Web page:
||This paper focuses on the effect of micro-cracks induced by a slow heating/cooling process (also called heat-treatment) in a mortar, upon its poro-elastic properties under drained hydrostatic compression, and upon its intrinsic permeability. Prior to the experiments, mortar samples are subjected to a slow heating-cooling cycle up to one temperature T = 105, 200, 300 or 400°C. The reference state of mortar is taken after drying at 60°C until constant mass. Experimental results show that the effective drained bulk modulus K_b of mortar decreases significantly with heat-treatment temperature T. A transition from elastic to plastic behavior with increasing heat-treatment temperature T is also observed. These effects are mainly attributed to to heating-induced micro-cracks, and, to a lesser extent, to the increase in connected porosity. We also measure a significant increase in permeability.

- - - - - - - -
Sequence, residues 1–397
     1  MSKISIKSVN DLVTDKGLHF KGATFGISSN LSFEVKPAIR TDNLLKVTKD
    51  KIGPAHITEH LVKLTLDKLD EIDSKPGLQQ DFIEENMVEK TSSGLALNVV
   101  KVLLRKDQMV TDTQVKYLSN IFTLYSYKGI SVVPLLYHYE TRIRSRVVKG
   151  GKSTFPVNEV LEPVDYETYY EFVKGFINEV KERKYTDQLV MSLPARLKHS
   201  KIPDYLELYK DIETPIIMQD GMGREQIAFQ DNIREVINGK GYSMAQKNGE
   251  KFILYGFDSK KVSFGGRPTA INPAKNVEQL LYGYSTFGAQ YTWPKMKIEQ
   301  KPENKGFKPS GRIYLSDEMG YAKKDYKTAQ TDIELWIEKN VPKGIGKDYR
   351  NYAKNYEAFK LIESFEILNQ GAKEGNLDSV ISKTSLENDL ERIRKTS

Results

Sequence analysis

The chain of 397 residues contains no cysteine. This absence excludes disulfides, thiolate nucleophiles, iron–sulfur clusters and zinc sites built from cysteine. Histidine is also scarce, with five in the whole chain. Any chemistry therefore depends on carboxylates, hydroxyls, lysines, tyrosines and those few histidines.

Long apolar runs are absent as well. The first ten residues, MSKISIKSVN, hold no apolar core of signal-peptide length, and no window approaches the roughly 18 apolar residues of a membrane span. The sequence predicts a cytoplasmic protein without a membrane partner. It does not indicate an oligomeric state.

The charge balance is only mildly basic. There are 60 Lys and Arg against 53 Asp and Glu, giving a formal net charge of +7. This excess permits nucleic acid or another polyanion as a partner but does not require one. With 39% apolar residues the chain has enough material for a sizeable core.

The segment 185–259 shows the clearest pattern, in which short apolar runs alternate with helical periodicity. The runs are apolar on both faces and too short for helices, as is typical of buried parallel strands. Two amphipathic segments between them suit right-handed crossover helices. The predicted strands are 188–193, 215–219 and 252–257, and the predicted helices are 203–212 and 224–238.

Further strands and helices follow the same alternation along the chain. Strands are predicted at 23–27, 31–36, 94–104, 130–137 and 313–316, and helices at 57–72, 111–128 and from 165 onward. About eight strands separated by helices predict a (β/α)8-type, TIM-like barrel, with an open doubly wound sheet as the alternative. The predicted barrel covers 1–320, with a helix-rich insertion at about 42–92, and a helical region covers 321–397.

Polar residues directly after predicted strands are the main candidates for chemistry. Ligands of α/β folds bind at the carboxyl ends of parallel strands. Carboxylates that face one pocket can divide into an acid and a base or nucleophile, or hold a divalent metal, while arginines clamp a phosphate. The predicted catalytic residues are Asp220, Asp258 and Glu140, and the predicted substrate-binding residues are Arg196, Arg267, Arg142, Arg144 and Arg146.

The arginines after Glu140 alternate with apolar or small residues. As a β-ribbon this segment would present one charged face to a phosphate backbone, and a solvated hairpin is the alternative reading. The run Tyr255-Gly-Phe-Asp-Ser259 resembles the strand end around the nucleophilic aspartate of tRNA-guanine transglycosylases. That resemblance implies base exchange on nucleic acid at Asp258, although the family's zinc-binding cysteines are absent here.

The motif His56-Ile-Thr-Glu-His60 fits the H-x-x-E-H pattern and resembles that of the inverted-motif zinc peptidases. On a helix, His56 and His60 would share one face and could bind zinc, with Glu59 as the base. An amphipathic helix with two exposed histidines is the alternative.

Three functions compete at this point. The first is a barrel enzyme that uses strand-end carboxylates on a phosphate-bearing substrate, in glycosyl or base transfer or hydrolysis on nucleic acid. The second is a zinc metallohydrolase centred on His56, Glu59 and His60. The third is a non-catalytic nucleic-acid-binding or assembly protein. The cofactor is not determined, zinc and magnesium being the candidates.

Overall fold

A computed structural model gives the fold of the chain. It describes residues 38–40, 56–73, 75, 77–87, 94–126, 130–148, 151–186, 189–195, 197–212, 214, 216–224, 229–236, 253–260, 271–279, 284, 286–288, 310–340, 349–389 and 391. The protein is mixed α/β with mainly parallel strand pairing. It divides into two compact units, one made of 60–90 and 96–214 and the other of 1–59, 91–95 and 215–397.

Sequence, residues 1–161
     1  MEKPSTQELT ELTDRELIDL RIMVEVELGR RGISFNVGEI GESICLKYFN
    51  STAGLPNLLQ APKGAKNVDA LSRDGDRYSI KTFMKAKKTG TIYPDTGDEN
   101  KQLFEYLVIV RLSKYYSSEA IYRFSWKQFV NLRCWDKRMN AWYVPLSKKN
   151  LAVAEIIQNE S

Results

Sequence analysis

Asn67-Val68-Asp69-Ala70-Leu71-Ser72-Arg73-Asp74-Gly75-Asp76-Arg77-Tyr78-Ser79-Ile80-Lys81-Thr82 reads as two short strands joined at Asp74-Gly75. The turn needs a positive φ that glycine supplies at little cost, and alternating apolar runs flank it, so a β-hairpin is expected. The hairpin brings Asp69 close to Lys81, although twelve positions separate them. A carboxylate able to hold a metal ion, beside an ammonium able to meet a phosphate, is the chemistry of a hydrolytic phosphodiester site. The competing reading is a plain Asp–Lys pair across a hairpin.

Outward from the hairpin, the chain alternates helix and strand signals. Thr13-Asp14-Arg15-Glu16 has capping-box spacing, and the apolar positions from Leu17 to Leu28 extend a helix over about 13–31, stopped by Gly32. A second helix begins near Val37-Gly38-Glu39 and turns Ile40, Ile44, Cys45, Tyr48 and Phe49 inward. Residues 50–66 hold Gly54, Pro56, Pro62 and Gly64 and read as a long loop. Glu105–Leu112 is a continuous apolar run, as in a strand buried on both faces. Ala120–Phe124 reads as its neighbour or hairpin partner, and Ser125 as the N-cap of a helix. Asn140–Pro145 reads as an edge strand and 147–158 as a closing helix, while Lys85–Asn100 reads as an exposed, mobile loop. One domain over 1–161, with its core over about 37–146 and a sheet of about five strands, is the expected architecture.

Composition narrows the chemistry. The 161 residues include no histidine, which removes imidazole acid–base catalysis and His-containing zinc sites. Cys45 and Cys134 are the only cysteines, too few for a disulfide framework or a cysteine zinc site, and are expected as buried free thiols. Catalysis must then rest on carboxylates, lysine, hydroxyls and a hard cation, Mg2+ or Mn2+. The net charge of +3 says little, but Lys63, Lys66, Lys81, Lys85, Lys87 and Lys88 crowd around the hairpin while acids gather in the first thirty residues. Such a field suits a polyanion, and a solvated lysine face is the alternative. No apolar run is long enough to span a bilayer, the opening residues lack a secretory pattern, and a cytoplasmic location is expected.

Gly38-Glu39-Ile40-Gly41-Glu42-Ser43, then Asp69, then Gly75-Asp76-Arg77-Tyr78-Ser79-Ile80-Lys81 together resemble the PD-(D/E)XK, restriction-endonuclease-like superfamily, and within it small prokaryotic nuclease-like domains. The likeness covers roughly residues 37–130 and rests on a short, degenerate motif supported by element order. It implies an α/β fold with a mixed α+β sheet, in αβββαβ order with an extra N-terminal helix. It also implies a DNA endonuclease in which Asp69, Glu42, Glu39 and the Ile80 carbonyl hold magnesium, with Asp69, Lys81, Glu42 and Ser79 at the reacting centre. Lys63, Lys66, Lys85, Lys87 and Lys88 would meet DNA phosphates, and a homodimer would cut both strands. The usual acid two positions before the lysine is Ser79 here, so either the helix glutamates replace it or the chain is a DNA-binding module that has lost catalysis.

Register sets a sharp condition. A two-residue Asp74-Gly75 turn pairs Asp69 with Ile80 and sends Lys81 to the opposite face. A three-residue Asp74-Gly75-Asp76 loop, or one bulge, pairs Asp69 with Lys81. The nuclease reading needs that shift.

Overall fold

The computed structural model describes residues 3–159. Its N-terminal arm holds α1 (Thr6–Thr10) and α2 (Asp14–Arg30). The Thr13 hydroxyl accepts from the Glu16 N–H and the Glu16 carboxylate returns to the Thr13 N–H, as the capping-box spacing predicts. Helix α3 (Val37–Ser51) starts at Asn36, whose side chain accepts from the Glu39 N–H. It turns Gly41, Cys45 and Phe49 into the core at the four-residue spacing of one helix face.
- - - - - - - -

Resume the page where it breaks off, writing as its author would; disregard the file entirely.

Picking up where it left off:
Based on these experimental evidences, a micro-mechanical analysis is proposed, which describes micro-cracks as independent 3D penny-shaped cracks
of varying aspect ratio alpha. A relationship between the degradation of bulk modulus and heating-induced micro-cracks is established. The distribution of aspect ratio of micro-crack porosity is determined for each heat-treatment temperature. The correlation between heating-induced crack porosity (or with crack aspect ratio) and permeability is also determined. Finally, a phenomenological law is proposed to describe the increase in plastic deformation with T. Good correlation with experimental stress-strain curves is found.